Then there’s the reviewer and user apathy: HD webcams are the norm so reviews and users do not tend to highlight (or consider) it as an anomaly. It’s only when we, reviewers, act as a catalyst for change and start to highlight this as an aberration that readers will take notice and hopefully pressure vendors.

cheap gaming laptop deals: Asus ROG Strix G17

The Asus ROG Strix G17 doesn't have a webcam, a choice that divided users. (Image credit: Asus)

So what comes next?

Huawei and Honor are the only ones that dared put the webcam into a pop up key and the least we can say is that it’s not proving to be a popular option because of the fixed camera angle. Other alternatives could include having a thicker bezel, under display or punch hole cameras.

At the end of the day, it will be down to the consumers to vote with their wallets. Enhancements to camera capabilities on smartphones have provided some compelling unique selling points to the likes of Huawei. Could someone replicate the same on laptops? The jury is out.

Read more...
08 Oct 2021

Microsoft to disable old-school macros to shield users from attacks

Microsoft has revealed its plan to disable Excel 4.0 macros or XLM macros for all Microsoft 365 users in a recent email sent out to its customers.

First introduced back in 1992 with the release of Excel 4.0, XLM macros allow users of the company's spreadsheet software to enter complex formulas inside Excel cells capable of executing commands both in the program itself and in a Windows computer's local file system. Although XLM macros were replaced by VBA-based macros when Excel 5.0 was released, Microsoft has continued supporting this legacy feature over the years.

Although macros are convenient for Excel users, they have also been repeatedly abused by cybercriminals in their attacks. This is because, once enabled in a malicious document, they can give a threat actor additional control over a user's system to install malware or carry out other attacks.

With more people working from home than ever before last year, there was a huge uptick in the number of malware strains and cybercriminals abusing XLM macros in their attacks. Things got so bad that Microsoft even went to the trouble of adding XLM macro support to Microsoft 365's Antimalware Scan Interface (AMS) in March of this year in an effort to help antivirus software deal with these kinds of attacks.

Disabled by default

Following request from software companies that XLM Macros be disabled by default inside its office software, Microsoft is now tackling the issue head on.

In a recent email sent to Microsoft 365 customers, the company laid out its plan to disable the feature across three stages according to The Record. The feature will be disabled by default for Microsoft 365 Insiders beginning at the end of this month, those on the current channel will see it disabled in early November and the Monthly Enterprise Channel (MEC) will have XLM macros disabled by default in December.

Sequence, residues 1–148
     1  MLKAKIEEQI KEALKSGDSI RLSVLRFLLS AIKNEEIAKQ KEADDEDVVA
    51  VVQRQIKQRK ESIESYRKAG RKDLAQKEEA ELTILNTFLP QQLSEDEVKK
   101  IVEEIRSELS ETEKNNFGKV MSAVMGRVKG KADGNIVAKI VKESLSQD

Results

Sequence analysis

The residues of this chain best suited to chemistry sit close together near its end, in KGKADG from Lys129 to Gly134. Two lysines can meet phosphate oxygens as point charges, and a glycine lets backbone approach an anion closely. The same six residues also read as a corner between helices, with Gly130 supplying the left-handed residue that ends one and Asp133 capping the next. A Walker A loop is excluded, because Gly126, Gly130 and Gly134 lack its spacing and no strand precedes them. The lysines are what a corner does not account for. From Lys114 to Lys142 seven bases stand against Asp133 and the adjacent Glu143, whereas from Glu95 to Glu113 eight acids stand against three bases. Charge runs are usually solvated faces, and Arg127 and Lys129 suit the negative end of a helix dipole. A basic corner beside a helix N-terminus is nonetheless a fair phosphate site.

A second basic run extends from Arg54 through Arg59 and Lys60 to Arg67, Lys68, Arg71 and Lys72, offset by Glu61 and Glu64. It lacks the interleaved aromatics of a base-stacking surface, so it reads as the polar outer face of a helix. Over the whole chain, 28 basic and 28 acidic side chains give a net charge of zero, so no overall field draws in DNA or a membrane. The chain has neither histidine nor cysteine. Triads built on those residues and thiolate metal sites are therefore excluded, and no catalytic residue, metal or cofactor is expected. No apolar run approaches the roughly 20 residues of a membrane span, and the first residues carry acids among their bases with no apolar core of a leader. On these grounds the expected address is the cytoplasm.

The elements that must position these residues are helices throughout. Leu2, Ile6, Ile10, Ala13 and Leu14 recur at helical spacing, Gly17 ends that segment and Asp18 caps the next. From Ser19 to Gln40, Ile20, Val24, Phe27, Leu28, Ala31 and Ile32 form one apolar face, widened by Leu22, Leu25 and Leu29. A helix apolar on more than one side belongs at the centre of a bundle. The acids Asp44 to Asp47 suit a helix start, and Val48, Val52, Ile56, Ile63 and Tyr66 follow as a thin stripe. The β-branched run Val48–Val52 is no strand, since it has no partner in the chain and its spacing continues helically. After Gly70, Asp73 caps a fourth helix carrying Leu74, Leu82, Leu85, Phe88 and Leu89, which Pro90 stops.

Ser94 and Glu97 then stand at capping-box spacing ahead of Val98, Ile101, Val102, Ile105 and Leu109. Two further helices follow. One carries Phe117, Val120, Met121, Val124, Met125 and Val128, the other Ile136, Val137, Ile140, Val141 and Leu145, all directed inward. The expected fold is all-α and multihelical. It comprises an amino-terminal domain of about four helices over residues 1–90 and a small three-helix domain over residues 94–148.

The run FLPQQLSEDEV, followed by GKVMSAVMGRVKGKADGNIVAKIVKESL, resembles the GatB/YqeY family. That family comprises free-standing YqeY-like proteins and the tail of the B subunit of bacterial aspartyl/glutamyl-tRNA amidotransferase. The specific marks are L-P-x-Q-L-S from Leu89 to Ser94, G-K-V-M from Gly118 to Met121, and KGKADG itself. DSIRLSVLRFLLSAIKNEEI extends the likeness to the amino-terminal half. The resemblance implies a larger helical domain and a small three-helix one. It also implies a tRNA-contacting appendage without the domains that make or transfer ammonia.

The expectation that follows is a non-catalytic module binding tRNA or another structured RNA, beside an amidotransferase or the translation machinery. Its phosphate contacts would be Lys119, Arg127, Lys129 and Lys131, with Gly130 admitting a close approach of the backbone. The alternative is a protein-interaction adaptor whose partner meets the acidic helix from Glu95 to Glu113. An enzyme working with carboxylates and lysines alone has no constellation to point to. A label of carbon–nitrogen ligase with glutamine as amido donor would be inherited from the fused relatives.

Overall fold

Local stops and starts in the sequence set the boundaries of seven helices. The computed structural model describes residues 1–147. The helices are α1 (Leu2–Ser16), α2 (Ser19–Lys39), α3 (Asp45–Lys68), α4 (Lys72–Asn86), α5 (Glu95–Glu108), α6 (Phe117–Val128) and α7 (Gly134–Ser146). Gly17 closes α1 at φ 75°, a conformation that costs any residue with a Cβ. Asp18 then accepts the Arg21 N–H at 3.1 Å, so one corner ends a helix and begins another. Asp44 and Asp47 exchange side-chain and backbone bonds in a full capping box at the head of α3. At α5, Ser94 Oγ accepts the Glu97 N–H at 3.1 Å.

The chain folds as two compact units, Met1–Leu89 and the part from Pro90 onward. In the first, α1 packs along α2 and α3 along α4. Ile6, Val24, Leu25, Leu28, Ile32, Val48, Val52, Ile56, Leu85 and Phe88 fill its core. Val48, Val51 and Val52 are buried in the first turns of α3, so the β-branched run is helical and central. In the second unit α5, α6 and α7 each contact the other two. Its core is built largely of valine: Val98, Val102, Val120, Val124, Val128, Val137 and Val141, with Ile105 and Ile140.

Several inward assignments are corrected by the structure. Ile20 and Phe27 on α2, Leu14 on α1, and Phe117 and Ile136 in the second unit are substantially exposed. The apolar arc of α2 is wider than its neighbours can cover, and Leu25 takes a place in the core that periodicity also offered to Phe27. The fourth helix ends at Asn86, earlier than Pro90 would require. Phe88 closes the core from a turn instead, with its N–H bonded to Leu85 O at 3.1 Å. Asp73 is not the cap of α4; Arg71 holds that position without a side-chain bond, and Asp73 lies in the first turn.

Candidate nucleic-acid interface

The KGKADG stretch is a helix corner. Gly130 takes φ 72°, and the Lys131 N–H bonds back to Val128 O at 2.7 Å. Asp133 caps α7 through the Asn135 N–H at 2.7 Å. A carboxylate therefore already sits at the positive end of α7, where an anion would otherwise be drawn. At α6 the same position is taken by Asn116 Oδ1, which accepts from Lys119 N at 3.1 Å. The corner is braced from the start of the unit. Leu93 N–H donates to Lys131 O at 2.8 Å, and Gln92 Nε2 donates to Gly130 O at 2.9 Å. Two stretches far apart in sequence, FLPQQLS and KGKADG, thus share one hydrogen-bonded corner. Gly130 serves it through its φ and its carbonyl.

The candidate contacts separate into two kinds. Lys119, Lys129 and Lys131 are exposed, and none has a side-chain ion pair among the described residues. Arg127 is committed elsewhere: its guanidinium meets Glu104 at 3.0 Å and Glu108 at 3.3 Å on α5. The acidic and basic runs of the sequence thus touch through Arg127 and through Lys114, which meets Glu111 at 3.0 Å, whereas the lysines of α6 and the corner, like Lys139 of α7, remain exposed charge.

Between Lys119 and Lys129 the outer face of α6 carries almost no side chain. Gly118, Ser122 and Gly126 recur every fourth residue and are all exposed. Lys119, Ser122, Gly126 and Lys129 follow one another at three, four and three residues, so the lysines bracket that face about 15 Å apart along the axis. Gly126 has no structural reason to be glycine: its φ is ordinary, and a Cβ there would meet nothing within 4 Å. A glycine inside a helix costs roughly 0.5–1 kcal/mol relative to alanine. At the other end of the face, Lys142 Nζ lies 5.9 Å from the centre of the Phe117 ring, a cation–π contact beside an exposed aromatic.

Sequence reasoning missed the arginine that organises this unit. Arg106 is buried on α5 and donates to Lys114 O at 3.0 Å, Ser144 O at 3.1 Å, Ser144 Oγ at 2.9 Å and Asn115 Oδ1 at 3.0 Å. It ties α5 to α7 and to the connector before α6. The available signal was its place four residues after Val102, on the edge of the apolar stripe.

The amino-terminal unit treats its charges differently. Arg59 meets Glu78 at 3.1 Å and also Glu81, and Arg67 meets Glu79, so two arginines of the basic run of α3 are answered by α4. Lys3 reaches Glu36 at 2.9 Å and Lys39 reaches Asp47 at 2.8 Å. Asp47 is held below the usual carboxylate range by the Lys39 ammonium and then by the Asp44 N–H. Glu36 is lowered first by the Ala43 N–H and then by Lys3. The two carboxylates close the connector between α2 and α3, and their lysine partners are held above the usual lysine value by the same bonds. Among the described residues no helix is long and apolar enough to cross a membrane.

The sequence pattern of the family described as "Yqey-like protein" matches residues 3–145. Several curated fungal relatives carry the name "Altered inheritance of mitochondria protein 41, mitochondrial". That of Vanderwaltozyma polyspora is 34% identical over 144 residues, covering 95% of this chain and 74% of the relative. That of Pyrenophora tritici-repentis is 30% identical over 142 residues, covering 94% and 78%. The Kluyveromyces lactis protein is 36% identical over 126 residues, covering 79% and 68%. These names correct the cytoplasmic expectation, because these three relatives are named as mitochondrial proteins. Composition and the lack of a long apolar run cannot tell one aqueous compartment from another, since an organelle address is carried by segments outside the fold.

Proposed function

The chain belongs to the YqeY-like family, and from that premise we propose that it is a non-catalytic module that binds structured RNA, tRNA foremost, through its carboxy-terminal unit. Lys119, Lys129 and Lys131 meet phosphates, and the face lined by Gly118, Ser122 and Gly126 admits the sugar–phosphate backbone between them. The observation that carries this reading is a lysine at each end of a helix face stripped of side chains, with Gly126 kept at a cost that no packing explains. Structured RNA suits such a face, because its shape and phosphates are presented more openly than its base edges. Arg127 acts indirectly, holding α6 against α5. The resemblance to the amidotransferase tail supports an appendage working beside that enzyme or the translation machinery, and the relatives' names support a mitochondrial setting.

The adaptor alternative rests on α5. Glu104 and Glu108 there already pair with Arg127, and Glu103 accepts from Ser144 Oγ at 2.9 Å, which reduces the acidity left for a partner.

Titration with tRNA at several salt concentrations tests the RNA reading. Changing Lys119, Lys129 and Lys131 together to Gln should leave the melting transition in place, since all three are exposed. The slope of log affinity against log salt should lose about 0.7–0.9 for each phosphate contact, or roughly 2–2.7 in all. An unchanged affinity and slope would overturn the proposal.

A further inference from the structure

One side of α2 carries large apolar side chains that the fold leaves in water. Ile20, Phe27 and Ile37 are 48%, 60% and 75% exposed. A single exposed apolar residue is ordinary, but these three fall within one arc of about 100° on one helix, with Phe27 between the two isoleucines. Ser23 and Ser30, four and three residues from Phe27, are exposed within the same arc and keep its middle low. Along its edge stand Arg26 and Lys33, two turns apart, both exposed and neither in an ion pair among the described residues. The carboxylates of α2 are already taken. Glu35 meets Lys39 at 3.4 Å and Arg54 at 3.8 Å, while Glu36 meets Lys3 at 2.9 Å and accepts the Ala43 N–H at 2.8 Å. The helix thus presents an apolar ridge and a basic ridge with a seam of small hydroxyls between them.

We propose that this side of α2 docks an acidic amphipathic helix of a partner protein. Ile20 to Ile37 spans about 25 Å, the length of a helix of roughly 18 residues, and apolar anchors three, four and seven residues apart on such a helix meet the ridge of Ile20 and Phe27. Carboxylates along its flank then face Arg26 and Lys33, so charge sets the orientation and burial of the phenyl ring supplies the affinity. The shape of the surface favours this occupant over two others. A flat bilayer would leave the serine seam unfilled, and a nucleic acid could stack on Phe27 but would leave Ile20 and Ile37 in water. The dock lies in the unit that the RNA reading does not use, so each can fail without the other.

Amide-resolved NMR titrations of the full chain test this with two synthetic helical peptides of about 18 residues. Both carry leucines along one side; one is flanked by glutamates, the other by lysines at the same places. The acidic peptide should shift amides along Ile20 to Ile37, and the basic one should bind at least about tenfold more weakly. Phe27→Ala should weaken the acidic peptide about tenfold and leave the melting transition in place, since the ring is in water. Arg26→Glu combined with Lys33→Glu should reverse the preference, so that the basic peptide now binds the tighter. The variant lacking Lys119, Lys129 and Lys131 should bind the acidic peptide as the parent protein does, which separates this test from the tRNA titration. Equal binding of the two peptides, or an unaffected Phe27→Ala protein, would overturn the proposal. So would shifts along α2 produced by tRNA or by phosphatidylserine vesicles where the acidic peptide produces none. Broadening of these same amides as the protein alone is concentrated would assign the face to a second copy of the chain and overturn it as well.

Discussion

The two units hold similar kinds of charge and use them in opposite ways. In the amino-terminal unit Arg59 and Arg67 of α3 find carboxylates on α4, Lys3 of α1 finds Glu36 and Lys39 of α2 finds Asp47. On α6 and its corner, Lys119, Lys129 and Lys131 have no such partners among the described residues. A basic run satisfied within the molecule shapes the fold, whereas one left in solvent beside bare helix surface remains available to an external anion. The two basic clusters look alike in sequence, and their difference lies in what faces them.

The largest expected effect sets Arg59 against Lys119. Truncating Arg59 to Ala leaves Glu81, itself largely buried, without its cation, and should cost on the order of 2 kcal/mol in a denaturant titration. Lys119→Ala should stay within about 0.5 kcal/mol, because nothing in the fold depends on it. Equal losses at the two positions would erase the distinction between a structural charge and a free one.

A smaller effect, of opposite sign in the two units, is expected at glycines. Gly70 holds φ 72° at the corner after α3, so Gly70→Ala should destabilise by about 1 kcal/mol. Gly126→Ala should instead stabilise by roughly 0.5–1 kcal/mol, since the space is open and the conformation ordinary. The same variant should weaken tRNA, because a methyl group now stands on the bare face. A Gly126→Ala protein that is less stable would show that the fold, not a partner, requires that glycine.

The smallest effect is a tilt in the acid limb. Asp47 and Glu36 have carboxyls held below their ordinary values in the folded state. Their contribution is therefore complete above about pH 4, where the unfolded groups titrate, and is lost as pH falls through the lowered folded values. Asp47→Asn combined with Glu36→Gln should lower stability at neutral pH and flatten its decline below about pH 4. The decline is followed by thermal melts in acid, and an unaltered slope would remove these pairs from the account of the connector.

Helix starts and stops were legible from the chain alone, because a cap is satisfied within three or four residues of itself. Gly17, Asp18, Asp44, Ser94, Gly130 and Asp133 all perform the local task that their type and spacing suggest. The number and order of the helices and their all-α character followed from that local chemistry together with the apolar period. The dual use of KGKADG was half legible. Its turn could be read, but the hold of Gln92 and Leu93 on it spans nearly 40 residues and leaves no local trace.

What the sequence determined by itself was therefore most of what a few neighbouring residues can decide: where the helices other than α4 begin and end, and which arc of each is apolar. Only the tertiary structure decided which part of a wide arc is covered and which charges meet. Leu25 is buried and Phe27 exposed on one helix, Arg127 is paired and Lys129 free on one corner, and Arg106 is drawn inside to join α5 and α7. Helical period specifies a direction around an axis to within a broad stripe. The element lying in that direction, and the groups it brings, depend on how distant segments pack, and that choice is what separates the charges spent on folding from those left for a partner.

These efforts may not be enough for security researchers though as they are now asking Microsoft to also disable VBA macros as default.

If you want XLM macros disabled now, you should check out this support document from Microsoft which lays out exactly how to remove the feature from Excel.

Via The Record

Read more...
08 Oct 2021

Google will give free security keys to 'high risk' users

In an effort to further protect the accounts of high risk users, Google has announced that it will be giving away 10,000 security keys to those most likely to fall victim to targeted attacks in 2021.

Unlike regular cyberattacks, targeted cyberattacks are deliberately aimed at high profile individuals and groups according to a new blog post from the search giant.

While Google has an entire team dedicated to stopping the world's most sophisticated cybercriminals and its Advanced Protection Program (APP) offers increased protection from these types of attacks, some high risk users still aren't doing enough to protect themselves online.

APP, which launched in 2017, is available to all users but the program was specifically designed for individuals and organizations at higher risk of targeted online attacks including elected officials, political campaigns, human rights activists and journalists.

Raising awareness

As part of Google's work to keep its users safe and increase awareness of APP, the search giant has partnered with organizations worldwide to provide security keys to over 10,000 high risk users throughout 2021.

One of the organizations the company is collaborating with in this effort is the International Foundation for Electoral Systems (IFES) which engages with critical issues in democracy, governance and elections around the world. So far this year, Google has supported IFES with free security keys for attendees of its global cyber hygiene training sessions including journalists in the Middle East and female activists. The company plans to expand on this work next year by providing Titan Security Keys and educational materials for IFES' high risk user trainings.

During the 2020 US election, Google began working with the nonprofit and nonpartisan organization Defending Digital Campaigns (DCC) to distribute its security keys to more than 180 eligible federal campaigns. By the time the midterm elections begin in 2022, DDC will have completed bipartisan cybersecurity training sessions in all 50 states.